ROBOT SLOWDOWN; Robots suffer from joblessness, too
Boston — The bloom is off the robot boom.
Lured by forecasts of a market that would soar to $1 billion by 1990, scores of firms jumped into the robot business in the past year including such corporate heavyweights as General Electric, International Business Machines, and General Motors.
But current robot sales are being nipped as companies cut back on machinery purchases, intensifying an already fierce competitive battle. The result may be that some robotmakers leave the fray. ''A shakeout is inevitable,'' says Nathanael B. Greene Jr., an analyst with the San Francisco brokerage firm Hambrecht & Quist.
At the same time, the scramble to replace sagging sales to automobile and farm-equipment makers promises to speed development of new robot uses. So, over the long haul, the outlook for the robot industry still appears promising. ''I see no reason right now to change my long-term trend'' projections, says Bache Halsey Stuart Shields vice-president Laura Conigliaro. She sees robot sales of $ 335 million to $350 million by 1984.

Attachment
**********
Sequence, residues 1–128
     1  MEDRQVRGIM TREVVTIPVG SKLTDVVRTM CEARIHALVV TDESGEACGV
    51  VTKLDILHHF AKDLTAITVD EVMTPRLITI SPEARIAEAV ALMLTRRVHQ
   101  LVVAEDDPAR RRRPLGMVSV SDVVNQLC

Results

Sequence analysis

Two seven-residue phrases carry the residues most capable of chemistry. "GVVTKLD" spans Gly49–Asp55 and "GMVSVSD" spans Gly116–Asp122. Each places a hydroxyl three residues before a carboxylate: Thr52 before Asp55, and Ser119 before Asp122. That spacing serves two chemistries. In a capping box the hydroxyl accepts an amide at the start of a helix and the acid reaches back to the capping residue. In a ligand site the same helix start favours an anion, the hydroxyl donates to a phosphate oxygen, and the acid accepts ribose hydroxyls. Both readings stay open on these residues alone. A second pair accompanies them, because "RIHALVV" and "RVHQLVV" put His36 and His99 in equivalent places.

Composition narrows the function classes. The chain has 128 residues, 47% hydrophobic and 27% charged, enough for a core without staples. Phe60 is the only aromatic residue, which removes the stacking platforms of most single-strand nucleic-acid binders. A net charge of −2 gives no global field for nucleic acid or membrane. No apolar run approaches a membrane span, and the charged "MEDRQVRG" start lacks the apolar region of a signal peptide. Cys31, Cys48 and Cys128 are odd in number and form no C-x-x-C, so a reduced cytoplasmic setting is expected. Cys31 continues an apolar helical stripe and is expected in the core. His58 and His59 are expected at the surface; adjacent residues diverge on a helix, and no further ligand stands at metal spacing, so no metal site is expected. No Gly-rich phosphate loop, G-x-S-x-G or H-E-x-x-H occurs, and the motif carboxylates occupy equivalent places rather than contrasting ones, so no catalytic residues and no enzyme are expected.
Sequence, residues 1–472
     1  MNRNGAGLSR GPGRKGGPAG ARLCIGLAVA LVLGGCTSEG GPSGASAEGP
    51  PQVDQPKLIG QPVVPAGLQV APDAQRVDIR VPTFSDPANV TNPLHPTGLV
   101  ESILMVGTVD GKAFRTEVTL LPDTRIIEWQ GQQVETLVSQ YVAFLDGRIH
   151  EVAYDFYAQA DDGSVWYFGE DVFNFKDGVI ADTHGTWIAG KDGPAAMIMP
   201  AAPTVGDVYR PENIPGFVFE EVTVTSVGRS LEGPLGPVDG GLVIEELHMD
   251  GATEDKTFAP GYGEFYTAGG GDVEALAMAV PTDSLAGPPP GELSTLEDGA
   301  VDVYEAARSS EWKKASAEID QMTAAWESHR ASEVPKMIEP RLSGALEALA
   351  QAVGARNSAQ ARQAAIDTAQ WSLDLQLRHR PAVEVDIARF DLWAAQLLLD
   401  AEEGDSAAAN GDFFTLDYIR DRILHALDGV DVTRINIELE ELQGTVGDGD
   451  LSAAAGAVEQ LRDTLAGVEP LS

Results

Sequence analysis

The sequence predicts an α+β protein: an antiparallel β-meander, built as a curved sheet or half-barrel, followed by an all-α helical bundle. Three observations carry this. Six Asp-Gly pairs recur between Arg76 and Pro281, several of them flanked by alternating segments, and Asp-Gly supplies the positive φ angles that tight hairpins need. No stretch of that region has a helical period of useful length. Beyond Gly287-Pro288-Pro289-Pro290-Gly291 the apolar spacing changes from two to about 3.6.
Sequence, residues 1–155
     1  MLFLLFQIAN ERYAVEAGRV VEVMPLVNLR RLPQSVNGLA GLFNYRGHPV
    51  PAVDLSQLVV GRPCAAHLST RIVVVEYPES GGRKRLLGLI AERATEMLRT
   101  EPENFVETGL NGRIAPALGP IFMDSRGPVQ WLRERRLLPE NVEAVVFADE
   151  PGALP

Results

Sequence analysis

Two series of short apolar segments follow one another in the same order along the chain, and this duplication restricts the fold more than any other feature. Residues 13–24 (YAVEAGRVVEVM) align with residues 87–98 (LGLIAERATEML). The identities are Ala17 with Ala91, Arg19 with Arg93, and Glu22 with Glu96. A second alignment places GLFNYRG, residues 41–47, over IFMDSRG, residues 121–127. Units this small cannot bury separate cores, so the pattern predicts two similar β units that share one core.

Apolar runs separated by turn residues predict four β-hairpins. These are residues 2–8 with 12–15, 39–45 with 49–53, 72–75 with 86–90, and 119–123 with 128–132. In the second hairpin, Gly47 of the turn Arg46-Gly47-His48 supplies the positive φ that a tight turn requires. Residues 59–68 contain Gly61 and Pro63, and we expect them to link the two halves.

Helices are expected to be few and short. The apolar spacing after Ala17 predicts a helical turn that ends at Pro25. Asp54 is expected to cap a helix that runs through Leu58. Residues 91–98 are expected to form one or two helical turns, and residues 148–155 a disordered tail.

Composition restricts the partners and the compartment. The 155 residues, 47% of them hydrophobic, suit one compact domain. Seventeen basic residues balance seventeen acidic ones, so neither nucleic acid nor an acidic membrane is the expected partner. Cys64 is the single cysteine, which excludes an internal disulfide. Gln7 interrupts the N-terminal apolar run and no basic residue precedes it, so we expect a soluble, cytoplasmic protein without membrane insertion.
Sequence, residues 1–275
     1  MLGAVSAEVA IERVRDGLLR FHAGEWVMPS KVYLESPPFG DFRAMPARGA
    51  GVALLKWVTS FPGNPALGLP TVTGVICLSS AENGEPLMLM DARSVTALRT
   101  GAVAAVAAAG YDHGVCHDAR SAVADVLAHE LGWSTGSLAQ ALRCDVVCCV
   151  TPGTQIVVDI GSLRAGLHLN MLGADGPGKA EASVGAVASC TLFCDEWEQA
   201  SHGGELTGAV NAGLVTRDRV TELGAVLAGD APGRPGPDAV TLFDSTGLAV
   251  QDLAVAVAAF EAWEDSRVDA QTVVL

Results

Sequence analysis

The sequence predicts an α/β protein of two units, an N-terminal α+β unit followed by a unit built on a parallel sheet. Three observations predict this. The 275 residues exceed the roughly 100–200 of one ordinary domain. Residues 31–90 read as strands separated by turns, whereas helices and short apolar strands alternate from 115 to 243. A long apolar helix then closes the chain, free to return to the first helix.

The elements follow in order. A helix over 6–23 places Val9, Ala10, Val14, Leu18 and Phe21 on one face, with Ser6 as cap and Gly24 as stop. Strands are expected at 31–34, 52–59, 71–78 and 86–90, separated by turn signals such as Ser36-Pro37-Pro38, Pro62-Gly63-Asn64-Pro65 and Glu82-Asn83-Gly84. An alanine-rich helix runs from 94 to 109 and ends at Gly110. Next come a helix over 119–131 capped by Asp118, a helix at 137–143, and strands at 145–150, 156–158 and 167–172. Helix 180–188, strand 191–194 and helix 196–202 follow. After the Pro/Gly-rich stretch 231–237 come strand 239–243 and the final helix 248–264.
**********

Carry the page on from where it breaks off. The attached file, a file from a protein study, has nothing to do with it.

For most robotmakers now, though, sales are running significantly below last year's level. ''For the industry, a 10 to 15 percent decline (for each company) is in the ballpark,'' says George Rehfeldt, group vice-president at Cincinnati Milicron, a major robotmaker.
As a result, the industry's growth rate has been cut in half. From 1980 to 1981, robot sales grew at a 55 percent rate to $155 million. This year they are expect to grow at a 26 percent rate to $195 million, according to Bache estimates. In 1983, Ms. Conigliaro says she thinks robot sales could range between $240 million and $290 million.